As the omicron variant continues to cause a massive surge in COVID-19 cases across the country, the Centers for Disease Control and Prevention is considering updating their guidance on mask wearing, indicating that it will recommend that Americans wear more-protective facial coverings.
While federal officials say that any facial covering is better than not having one, there is growing concern that single-layer cloth coverings may not provide sufficient protection against the omicron variant, leading regulators to consider new guidelines that will encourage Americans to wear more protective masks, such as N95 or KN95 coverings.
A big issue with such a recommendation, however, is the proliferation of counterfeit facial coverings that has occurred during the COVID-19 pandemic. According to the CDC, more than 60% of the KN95 masks that are on the market in the United States are counterfeit, and Americans have reported similar issues with the more-protective N95 masks, which are regulated and approved by the National Institute for Occupational Safety and Health (NIOSH).
So just how are Americans supposed to protect themselves from counterfeit face coverings? According to the CDC, the tips vary by the type of facial covering that a person is seeking out.
As omicron COVID-19 cases and hospitalizations remain high across the U.S., health officials broke down how to best wear a face covering in order to prevent contracting the virus. NBC 5’s Kate Chappell reports.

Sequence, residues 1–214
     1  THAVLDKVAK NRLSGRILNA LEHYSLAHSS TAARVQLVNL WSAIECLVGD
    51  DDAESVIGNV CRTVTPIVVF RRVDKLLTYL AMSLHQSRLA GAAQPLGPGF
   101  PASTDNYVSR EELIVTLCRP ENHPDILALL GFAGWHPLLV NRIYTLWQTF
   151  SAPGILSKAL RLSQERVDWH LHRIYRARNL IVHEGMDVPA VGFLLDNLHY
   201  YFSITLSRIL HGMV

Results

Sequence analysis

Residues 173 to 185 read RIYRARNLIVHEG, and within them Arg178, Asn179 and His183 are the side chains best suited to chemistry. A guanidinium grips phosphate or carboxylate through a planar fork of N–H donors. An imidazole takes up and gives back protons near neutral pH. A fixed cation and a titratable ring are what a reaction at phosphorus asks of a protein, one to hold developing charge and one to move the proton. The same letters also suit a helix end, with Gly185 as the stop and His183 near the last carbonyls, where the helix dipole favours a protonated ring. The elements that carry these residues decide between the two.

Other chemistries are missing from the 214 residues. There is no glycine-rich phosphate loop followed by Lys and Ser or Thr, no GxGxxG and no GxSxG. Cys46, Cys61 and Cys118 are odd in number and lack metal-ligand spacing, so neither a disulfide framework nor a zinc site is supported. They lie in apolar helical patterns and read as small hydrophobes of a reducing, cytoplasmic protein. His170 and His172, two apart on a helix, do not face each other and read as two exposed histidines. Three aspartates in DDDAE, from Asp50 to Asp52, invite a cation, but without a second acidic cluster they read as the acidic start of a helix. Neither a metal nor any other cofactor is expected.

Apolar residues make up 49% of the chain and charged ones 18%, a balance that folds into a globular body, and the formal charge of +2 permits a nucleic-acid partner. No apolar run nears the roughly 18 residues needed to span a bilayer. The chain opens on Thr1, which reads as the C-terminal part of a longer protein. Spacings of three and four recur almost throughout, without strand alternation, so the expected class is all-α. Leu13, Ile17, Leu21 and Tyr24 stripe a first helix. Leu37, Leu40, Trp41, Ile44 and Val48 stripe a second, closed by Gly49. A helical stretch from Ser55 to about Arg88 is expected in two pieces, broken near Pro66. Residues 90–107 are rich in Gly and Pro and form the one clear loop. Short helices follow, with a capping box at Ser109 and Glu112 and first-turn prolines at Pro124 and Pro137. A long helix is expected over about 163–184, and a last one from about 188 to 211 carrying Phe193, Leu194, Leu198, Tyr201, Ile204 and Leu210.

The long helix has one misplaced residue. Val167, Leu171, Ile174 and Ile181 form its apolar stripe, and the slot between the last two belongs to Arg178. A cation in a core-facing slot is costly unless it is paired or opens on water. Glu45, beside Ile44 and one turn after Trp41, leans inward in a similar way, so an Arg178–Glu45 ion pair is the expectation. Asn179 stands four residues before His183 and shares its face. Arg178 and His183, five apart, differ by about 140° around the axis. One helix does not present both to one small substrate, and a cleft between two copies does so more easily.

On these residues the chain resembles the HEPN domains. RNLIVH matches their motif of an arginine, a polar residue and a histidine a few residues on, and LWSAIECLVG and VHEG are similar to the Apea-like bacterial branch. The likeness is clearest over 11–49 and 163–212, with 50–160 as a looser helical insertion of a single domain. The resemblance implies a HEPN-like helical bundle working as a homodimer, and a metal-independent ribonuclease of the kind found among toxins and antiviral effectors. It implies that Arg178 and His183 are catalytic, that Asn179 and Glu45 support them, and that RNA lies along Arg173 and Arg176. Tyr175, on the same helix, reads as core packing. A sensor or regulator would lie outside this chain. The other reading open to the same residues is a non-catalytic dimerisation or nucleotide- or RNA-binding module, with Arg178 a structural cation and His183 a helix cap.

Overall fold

Here are some tips from the CDC when trying to determine whether an N95 filtering facepiece respirator (FFR’s) is legitimate:
-NISOH approved coverings will always have these designations: N95, N99, N100, R95, R99, R100, P95, P99, or P100.
-No markings at all on the filtering facepiece respirator (FFR)
-NIOSH markings must be clearly visible either on the covering itself, or within the packaging
-NIOSH-approved coverings must have an approval number on the mask or the headband
-NIOSH must be spelled correctly
-Decorative fabric or add-ons are not featured on approved-coverings
-NIOSH does not approve respirators for children, so if packaging includes that claim, it is likely fake
-NIOSH-approved FFR’s have headbands, not ear-loops.
The NIOSH and the CDC have produced a database where individuals can verify whether their N95 masks are approved by federal regulators.
For additional tips on how to spot a counterfeit N95 mask, you can visit the CDC’s website.
The BIGGEST Tip to Avoiding Counterfeit KN95 Masks
There is one specific thing for individuals to keep in mind if they are shopping for a KN95 mask. If that mask bears the “NIOSH” marking, then it is not legitimate, because the institute does not approve KN95 masks, or any other masks that are designed to adhere to international standards.
KN95 masks are manufactured in China, and adhere to Chinese governmental standards, according to the CDC.
Here are some other tips from the CDC when looking at KN95 masks, or any other facial coverings:
-If a listing claims to be “legitimate,” it likely isn’t.
-Look at transactions and reviews, if possible.
-Is the primary contact email address connected to the company’s website, or is it a free email account? If it’s a free email account, it’s likely the seller isn’t part of a reputable company.
-Look for bad grammar or typos in the listing.
Additional tips can be found on the CDC’s website.